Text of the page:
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Quidam - Sny Aniołów CD (album) cover





3.45 | 77 ratings

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The Prognaut
Prog Reviewer
5 stars Birds are chirping, flutes are magically emerging throughout the "Awakening" / "Przebudzenie", and quietness preludes Emila's gifted voice to suddenly come with a burst of singing. How else could you picture the perfect arousal every morning? It just can't get better than this. Originally released in Polish to be translated afterwards in English because of the exigencies and demands from the fans and marketers, "Angels' Dreams" / "Sny Aniołów" is the second studio production by the Polish neo progressive band. Due those inconveniences surrounding the translation, only two tracks of the English release album are sung in Polish, but featured in English writing on the booklet, "Awakening (Dawn of Hope)" / "Przebudzenie (świt nadziei)" and "There is such a Lonesome House" / "Jest takis amotny dom". Curiously, those couple of songs are my favorite out of the entire record, reaffirming that in order to appreciate QUIDAM's work better, we must stick to the pure essence and vitality the band cares to transmit by listening to them in Polish (not that I discredit the effort put by Emila to sing in English, because no matter the language, she gets to enchant anyone with her fine, well educated voice), disregarding completely the language barrier and limiting ourselves to experience an incommensurable musical pleasure.

This inspirational masterpiece orchestrated by the sextet from Poland implies a complete inner journey throughout beautiful flute passages taken away by talented Jacek ZASADA along the intriguing keyboards execution leaded by the hands of Zbyszek FLOREK. Special recognition deserves the strings instrumentation performed by Maciek MELLER in "Cheerful" / "Wesoła" and in "One Small Tear" / "Łza"; both songs are irremediably exceptional, each one of them evokes the emotiveness randomly, putting us into this roller coaster that explores the edges of passion and the profundities of sorrow at the same time. The drum striking by Rafał JERMAKOW is not as surprising and unpredictable as the one he displayed on the band's debut album, but yet, it's convincing somehow because of the percussions carefully included in "Little Bird with No Legs" / "Mały beznogi ptak" and in the almost 14 minute suite "Behind my Eyes" / "Pod powieką".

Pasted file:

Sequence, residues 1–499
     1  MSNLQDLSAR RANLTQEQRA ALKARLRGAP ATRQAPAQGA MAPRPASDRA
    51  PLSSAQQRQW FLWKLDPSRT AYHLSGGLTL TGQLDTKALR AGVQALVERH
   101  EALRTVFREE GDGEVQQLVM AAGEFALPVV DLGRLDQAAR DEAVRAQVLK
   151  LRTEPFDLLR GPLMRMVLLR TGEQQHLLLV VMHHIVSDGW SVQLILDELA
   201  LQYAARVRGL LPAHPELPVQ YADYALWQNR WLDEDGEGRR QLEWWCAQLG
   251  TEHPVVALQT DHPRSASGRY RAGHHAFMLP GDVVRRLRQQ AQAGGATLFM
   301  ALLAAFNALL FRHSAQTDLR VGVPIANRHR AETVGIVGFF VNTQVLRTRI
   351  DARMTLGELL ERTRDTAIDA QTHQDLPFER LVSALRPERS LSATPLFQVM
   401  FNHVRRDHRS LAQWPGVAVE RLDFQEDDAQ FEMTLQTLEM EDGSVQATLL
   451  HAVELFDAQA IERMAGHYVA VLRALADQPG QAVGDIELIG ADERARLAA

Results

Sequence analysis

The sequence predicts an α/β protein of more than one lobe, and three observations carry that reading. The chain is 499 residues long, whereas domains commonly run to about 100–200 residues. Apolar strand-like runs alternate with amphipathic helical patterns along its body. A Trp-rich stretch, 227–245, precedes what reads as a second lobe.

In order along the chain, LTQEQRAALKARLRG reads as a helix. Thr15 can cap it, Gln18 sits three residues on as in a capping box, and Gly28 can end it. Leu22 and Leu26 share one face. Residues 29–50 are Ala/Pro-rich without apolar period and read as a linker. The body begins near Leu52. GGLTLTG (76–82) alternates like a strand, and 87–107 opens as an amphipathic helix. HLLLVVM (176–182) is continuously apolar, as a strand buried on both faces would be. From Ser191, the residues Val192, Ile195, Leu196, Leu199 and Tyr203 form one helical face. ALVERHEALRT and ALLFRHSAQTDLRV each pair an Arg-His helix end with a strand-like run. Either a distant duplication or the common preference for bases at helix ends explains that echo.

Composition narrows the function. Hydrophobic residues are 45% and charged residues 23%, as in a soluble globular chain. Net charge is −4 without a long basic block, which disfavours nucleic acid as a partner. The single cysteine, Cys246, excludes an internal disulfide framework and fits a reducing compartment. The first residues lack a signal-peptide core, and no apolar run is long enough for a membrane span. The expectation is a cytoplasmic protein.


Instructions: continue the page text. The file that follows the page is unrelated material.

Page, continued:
Now, allow me to address this review and your kind attention to the most remarkable issue behind the production of "Angels' Dreams" / "Sny Aniołów", cellist and lead singer, Emila DERKOWSKA. She dedicated over ten years of her prolific life as a musician to the Polish band, where she got to achieve several successes. In 1997, during the CAMEL tour in Poland, Andy LATIMER invited her and Ewa Smarzyńska to perform live the opening part of "Harbour of Tears" suite. One year later, the band releases "Angels of Mine" / "Moje anioły", named after the single that turned out to be a hit which was included in the playslists of many radio stations in Poland; with the live recorded versions of "Rhayader / Rhayader Goes to Town" and "Bajkowy". So, departing from that specific context, we can indisputably agree about the similitudes between the music played by the band once named DEEP RIVER and the English masters of symphonic progressive rock.

Emila seriously committed herself to this 1998 production, firstly, because of the language inconveniences I pointed out in the paragraphs above, and secondly, because of the devotion and selfless expectations she put into the album. And this last remark is simple to perceive in songs like "Awakening (Dawn of Hope)" / "Przebudzenie (świt nadziei)" -a beautiful, almost instrumental suite were her voice takes over the enchanting sound of a sweet flute accompanied by a peaceful piano execution-, and "There is such a Lonesome House" / "Jest takis amotny dom"; -one of the most important songs of Polish rock music, originally sung by a very popular Polish band BUDKA SUFLERA; as Emila explains- both pieces chanted in Polish to give the album that special touch that communicates the unique mood and atmosphere of the roots and significance of the Polish culture. Unfortunately, Emila left the band indefinably on February 20th, 2003.

Many of you may try to satiate your curiosity by purchasing the English version instead of the Polish one just to hear how Emila sounds off in a foreign language like I did in the first place, but believe me, no matter the language, the angelical, almost operatic voice she's got, works both ways to me. The conceptuality of the album is appreciated in the bonus track (I don't know if the Polish version has got it as well), were the joyful birds from the beginning carry on chirping but this time with no compassing flute. Definitely a must for lovers of carefully crafted, innovative music, and of course, an obligated album for neo prog rockers to listen to.

The Prognaut | 5/5 |


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